The Pirates want appropriate value for Wilson, not financial relief. Wilson, who turns 32 on Dec. 29, will earn $7.25 million next season plus an $8.4 million club option or $600,000 buyout for 2010.

The Tigers, seeking a shortstop to replace departing free agent Edgar Renteria, have long had interest in Wilson. Treanor, 32, could help fill their catching void, but almost certainly in a backup role.


Five years for A.J.? Not likely from Jays

Though Blue Jays general manager J.P. Ricciardi did not rule out offering a five-year deal to free-agent right-hander A.J. Burnett, another source with knowledge of the team's thinking says he "can't imagine" the Jays making such a proposal.

As for trading right-hander Roy Halladay, forget it — at least for now.

Halladay, 31, possesses a full no-trade clause, and he is signed for $14.25 million next season and $15.75 million in 2010.

The Jays would not even entertain trading Halladay until after they made a full effort to sign him to an extension — something that would happen quickly if they kept Burnett.


Pirates' McLouth: An interesting catch

Some viewed Pirates center fielder Nate McLouth as a dubious choice for a Gold Glove; McLouth's minus-40 rating according to the plus-minus ratings on Bill James Online was the worst of any player in baseball.

However, according to the final Gold Glove balloting, obtained by, McLouth received 41 votes from the National League managers and coaches — more than any player in the league. The Angels' Torii Hunter led the AL with 66 votes.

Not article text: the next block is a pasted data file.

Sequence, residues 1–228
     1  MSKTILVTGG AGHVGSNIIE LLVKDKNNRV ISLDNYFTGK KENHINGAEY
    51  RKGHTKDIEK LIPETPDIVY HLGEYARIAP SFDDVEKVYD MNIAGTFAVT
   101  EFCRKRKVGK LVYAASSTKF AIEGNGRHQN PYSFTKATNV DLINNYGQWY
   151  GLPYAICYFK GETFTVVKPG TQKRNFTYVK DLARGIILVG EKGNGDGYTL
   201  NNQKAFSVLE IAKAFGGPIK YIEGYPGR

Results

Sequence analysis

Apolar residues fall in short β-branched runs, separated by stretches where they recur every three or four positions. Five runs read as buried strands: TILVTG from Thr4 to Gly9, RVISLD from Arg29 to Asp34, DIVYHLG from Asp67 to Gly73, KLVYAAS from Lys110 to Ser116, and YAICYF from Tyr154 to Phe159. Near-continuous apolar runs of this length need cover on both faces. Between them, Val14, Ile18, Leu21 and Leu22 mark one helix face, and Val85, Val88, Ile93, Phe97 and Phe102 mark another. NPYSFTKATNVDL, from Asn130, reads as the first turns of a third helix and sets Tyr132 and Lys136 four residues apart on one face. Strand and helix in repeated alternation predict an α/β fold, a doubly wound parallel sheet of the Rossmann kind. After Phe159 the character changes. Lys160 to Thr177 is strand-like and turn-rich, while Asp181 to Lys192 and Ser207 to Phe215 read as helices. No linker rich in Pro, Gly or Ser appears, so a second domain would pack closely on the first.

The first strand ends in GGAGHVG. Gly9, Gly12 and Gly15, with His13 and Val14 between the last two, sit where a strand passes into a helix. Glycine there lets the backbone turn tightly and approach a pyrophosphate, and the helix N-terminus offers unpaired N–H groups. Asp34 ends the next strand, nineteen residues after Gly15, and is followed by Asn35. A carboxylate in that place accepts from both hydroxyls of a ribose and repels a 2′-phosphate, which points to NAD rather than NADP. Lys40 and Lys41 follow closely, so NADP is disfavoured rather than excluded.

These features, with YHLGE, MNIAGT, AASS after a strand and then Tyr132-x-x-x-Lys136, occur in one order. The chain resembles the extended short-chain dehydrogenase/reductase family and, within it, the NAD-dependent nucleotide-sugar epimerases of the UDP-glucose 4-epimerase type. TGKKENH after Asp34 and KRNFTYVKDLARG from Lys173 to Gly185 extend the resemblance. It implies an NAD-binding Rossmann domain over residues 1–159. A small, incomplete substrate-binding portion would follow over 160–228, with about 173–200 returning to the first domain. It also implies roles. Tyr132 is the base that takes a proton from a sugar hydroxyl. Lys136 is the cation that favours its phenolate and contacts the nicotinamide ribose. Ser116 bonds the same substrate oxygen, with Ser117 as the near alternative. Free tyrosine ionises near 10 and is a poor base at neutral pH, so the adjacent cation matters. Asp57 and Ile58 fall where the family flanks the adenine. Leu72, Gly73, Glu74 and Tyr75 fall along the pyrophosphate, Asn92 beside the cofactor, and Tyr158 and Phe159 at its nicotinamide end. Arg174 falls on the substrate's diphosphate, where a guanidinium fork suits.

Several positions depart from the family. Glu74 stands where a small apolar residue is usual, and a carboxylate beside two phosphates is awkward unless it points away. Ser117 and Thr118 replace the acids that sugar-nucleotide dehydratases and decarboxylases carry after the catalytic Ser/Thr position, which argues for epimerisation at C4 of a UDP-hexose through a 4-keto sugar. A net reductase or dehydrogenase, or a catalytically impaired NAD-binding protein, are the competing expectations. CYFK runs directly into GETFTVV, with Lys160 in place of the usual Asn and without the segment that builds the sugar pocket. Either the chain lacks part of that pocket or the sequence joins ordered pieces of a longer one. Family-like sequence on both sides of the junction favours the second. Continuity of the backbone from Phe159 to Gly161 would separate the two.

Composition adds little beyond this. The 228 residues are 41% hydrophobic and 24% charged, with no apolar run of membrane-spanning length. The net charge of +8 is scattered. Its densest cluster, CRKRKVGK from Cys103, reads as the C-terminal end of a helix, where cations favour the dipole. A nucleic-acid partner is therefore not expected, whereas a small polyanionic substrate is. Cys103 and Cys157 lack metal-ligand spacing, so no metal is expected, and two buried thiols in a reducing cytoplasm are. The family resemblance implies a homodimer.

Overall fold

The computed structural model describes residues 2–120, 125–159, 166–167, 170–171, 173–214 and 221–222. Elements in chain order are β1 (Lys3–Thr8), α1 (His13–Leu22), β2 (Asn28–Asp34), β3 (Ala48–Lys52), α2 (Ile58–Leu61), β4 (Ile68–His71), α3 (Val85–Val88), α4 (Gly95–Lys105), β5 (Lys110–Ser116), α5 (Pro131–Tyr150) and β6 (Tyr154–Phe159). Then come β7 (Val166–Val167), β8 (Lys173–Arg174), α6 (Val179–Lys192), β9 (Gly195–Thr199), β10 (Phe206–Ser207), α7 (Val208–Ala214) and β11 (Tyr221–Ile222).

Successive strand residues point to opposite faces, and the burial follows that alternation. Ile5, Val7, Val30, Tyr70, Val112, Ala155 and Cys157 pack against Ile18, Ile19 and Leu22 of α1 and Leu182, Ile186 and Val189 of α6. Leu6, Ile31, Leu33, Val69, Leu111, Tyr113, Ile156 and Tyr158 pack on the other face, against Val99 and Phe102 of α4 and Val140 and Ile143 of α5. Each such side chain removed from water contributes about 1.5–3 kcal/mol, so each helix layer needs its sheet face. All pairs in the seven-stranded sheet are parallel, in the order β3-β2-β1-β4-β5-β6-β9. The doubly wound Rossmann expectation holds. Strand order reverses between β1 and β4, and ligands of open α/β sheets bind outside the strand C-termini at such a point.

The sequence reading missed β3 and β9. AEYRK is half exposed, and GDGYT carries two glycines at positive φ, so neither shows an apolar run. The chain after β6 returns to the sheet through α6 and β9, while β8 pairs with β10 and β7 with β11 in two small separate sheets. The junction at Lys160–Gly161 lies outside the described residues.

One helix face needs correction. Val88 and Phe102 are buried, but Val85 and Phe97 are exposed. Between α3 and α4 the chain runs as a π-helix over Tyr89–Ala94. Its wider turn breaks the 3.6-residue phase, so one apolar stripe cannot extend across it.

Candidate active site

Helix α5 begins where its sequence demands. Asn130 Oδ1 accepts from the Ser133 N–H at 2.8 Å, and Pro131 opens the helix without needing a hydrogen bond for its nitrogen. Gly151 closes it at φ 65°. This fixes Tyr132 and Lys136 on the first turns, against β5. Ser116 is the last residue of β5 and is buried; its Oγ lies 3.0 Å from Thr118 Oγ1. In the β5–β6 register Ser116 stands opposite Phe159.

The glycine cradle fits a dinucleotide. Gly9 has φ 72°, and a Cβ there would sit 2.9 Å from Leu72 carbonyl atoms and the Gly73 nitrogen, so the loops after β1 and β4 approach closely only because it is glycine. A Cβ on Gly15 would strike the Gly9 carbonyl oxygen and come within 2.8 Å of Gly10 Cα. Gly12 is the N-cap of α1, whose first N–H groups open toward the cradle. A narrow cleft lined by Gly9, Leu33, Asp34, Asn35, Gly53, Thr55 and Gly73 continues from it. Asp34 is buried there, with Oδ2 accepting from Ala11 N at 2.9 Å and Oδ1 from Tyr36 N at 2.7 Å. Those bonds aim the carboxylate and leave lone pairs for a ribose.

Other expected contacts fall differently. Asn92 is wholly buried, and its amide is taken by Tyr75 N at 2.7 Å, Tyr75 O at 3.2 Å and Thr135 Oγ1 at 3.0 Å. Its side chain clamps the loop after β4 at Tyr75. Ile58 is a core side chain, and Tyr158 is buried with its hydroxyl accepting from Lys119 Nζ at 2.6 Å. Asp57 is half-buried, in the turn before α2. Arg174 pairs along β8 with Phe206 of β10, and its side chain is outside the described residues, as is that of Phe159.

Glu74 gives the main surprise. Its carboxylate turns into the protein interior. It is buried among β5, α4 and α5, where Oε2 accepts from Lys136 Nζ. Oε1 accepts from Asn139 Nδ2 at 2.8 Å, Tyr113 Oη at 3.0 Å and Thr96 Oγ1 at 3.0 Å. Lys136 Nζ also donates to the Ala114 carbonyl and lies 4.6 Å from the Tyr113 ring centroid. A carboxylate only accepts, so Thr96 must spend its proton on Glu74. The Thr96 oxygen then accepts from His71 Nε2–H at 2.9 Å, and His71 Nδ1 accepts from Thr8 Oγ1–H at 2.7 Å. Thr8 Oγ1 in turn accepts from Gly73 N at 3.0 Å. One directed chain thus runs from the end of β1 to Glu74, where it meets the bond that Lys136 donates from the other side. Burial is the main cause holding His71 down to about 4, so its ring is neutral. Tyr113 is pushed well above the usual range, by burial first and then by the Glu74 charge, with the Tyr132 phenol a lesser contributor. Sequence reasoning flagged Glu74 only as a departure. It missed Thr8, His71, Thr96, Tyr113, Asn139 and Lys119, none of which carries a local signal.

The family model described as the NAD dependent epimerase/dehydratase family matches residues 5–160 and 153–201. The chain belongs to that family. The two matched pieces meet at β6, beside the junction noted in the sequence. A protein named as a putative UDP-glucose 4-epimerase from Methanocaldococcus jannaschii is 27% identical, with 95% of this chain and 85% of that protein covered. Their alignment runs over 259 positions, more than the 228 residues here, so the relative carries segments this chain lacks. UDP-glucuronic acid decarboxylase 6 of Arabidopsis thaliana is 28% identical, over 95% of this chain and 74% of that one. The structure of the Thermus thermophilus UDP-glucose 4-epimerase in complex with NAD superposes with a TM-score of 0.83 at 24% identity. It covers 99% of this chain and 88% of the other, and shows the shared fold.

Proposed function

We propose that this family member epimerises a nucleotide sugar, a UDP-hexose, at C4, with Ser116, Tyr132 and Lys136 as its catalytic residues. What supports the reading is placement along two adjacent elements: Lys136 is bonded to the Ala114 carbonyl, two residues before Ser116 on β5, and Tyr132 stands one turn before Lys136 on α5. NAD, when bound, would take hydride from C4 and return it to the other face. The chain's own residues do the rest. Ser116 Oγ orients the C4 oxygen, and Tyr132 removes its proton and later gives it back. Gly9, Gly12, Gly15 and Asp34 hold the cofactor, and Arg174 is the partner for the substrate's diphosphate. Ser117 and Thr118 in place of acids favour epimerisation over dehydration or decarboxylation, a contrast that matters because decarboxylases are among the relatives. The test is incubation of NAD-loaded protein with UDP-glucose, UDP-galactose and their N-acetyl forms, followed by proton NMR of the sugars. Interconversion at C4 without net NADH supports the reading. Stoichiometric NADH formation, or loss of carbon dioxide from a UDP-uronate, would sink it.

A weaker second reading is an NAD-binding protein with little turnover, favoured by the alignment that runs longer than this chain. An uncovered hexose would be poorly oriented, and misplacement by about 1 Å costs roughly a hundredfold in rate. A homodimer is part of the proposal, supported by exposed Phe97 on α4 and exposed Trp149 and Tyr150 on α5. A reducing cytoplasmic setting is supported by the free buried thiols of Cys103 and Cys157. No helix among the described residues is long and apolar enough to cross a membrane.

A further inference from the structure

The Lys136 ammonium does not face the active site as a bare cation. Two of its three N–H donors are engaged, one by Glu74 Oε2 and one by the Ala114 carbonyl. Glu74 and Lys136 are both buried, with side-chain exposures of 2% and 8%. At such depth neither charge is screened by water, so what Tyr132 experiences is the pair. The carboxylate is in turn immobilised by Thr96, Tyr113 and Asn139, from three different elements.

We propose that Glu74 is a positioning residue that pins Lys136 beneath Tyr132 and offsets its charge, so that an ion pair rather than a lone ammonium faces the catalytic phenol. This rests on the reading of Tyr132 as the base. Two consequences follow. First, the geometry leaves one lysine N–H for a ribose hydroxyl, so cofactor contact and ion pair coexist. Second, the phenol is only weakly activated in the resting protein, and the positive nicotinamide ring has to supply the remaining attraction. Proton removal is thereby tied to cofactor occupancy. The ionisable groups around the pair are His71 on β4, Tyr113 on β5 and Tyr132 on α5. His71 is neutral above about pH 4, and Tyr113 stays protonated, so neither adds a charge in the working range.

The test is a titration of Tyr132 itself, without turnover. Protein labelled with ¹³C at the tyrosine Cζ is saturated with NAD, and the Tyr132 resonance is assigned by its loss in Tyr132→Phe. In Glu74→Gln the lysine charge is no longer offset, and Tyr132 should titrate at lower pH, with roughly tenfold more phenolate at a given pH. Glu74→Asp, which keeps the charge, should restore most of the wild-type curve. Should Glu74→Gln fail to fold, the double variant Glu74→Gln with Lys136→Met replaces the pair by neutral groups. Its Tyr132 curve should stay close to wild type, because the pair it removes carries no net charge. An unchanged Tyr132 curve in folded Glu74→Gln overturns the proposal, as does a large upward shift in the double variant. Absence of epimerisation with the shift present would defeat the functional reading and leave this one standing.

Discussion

The closest races were AL pitcher, in which Mike Mussina edged Kenny Rogers, 24-22; and AL shortstop, in which Michael Young edged Orlando Cabrera, 29-26.

So, how did McLouth fare so miserably in one of the most advanced defensive metrics, yet garner such respect from the managers and coaches who voted? More than likely, they were impressed by McLouth's aggressive style and knack for making spectacular catches.

John Dewan, the creator of the plus-minus system and author of "The Fielding Bible," wrote in a recent blog entry that McLouth is above-average in his ability to prevent base-runners from advancing on hits and his ability to make plays "above and beyond the ordinary." But in covering ground, Dewan said, McLouth struggles "big time."


Mulder: Coming along

Free-agent left-hander Mark Mulder, rehabilitating from a pair of shoulder operations, is making significant progress in his recovery, according to his agent, Gregg Clifton.

After the Cardinals bought Mulder out for $1.5 million, he began working with two new personal trainers, one of whom is Paul Hospenthal, a longtime acquaintance of Mulder's who is the husband of race-car driver Danica Patrick.